The largest portion of this year’s budget goes to education (some R140.4 billion). Special mention was made of capital expenditure to fix both schools and universities. For those working with poor communities we must welcome increased allocations for school feeding schemes and the building of more schools in poor areas.
More details will emerge once the Minister of Education presents her budget to parliament in the near future.
Whilst greater spend on maintaining and upgrading school buildings is to be welcomed it is far more important that we ask questions about what actually happens in those buildings.
Why are our children’s literacy and numeracy levels lower than poorer neighbouring countries? Why does the matric pass rate continue to drop? Why do most universities set their own entrance exams even for those who achieve university entrance? Why are school feeding schemes so poorly managed? Why do children drop out of school in such large numbers? Do FET colleges meet the needs of the economy? Have they lost their stigma of being second class to university? Do they prepare young people for real jobs in the real economy? Why do some children still learn under a tree? How do we improve teaching and learning in our schools? Why are authorities reluctant to take on teachers who abuse work time, sexually abuse children in their care and resist any type of monitoring?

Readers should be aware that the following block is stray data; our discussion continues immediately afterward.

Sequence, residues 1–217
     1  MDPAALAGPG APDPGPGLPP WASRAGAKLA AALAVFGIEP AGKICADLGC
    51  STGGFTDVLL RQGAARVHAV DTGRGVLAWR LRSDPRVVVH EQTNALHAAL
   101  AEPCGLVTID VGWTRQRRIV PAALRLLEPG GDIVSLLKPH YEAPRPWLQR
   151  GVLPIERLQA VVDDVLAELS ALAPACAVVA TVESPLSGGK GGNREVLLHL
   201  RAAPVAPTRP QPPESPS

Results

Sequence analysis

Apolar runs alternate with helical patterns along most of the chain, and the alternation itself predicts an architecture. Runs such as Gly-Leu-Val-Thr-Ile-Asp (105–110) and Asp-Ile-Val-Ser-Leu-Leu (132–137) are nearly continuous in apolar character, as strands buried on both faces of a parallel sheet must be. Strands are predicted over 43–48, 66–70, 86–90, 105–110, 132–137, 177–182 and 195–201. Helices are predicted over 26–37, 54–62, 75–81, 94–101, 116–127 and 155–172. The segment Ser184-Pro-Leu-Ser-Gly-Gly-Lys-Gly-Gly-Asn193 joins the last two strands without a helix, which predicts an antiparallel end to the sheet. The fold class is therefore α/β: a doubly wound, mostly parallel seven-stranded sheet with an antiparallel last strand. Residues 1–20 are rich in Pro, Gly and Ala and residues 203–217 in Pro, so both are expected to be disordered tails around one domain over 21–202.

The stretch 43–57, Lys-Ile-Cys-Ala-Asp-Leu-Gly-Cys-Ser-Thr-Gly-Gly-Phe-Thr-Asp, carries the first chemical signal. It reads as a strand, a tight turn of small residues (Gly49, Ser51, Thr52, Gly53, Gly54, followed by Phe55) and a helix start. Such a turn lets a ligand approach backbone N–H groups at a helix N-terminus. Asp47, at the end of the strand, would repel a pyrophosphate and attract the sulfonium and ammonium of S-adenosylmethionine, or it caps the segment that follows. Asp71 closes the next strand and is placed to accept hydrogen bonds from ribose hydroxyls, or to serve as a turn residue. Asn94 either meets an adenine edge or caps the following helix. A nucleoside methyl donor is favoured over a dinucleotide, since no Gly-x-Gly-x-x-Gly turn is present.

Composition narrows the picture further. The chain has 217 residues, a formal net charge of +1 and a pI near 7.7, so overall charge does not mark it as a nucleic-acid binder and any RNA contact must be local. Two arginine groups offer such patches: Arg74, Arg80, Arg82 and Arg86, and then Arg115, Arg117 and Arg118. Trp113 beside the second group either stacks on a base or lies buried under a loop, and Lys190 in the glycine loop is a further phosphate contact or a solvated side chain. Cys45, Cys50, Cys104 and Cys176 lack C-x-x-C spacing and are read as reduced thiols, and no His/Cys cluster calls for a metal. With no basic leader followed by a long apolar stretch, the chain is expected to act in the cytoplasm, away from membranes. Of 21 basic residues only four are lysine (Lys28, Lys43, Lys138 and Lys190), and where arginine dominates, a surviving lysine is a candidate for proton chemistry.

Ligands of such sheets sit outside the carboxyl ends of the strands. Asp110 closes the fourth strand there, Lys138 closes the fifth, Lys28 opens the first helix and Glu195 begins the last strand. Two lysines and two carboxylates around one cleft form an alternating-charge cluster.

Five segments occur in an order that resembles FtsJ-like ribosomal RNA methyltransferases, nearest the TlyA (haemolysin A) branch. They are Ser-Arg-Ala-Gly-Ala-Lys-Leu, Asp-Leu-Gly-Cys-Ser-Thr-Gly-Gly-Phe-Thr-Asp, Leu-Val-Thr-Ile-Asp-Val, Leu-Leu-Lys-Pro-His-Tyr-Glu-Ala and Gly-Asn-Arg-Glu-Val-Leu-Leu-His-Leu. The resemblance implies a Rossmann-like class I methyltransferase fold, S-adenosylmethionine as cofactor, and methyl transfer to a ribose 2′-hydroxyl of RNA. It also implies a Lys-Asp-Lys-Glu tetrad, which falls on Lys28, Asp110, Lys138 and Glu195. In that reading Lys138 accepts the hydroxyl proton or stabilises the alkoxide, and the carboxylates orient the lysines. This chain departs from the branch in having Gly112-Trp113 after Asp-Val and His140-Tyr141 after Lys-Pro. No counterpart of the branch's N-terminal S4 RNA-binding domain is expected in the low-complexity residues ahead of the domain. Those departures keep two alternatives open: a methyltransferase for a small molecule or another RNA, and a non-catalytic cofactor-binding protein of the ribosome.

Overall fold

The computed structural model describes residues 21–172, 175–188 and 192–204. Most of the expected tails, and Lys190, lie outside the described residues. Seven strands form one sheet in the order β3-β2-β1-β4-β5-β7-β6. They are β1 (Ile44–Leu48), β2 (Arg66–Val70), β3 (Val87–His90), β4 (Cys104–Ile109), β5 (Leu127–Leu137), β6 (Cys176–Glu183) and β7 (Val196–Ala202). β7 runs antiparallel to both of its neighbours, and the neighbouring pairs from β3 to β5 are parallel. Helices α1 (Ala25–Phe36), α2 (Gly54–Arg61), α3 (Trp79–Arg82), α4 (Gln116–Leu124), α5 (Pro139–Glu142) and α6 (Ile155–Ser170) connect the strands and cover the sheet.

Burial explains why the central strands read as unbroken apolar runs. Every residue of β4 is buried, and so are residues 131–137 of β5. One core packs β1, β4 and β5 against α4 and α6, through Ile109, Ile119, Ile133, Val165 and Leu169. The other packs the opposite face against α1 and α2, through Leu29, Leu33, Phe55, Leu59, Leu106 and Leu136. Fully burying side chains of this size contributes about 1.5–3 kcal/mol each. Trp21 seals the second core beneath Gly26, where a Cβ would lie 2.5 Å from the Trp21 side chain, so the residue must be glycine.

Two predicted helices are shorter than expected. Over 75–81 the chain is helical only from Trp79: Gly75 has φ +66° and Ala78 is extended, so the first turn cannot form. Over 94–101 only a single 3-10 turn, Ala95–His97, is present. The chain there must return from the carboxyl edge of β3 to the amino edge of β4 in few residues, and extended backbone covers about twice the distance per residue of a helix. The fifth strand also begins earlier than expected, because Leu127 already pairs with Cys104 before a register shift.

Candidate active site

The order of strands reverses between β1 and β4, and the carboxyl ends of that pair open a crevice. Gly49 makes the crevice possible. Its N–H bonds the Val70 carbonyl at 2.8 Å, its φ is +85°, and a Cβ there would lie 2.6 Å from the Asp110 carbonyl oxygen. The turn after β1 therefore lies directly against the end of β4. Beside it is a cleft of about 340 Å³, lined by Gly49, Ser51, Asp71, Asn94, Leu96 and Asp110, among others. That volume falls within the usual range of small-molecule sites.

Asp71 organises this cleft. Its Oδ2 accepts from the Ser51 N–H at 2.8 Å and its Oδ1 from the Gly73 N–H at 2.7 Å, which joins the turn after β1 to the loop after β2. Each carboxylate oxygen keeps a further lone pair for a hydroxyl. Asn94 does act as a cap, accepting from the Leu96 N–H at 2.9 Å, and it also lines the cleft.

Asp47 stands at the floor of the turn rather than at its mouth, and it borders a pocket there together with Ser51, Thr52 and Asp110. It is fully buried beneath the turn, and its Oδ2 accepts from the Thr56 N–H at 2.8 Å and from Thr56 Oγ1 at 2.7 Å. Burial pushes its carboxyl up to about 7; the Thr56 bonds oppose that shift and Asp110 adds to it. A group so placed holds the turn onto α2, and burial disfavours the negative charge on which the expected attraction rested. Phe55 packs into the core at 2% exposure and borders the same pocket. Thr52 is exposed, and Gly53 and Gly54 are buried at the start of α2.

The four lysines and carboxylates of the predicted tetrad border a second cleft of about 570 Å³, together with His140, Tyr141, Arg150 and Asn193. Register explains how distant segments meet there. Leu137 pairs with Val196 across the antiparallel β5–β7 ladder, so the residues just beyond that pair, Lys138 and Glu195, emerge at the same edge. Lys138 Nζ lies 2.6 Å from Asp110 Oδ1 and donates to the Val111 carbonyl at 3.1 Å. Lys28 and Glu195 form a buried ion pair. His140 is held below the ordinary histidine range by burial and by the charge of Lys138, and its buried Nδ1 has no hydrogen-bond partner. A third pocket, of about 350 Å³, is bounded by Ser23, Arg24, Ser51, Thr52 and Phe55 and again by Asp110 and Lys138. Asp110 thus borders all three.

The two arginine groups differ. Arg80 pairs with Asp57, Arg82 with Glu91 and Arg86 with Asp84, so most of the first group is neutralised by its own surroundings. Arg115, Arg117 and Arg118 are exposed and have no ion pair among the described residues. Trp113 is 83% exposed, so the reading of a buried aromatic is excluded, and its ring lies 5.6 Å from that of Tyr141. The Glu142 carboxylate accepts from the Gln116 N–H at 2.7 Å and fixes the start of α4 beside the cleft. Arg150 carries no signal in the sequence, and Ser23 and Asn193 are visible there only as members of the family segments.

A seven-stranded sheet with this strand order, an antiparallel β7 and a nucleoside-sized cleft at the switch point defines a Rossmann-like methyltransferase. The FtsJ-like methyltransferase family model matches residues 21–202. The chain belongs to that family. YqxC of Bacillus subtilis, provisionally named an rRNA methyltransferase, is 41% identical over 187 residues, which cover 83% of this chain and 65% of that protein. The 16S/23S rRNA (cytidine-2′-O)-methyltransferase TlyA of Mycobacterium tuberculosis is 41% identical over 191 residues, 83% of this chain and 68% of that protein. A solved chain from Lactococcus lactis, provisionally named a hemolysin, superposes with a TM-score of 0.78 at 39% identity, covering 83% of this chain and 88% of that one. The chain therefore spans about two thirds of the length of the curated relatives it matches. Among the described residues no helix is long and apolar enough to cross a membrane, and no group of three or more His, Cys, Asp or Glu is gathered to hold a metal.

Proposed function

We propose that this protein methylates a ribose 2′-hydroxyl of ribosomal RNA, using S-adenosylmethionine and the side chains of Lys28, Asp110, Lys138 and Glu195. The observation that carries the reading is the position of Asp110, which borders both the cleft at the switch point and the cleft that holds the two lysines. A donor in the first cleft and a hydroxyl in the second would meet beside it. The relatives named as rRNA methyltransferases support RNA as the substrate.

These are all questions which the Minister of Finance cannot answer, but which Pandor and her team must.
Of special interest to me was the fact that no specific mention was made of the national literacy campaign - Kha Re Gude. Has it been shelved? Massive money was promised to eradicate illiteracy by 2012. Is it still on track with this most secretive of national campaigns?
So in short, yes, money matters but it is what the department does with the money that is far more critical.
Chief Executive Officer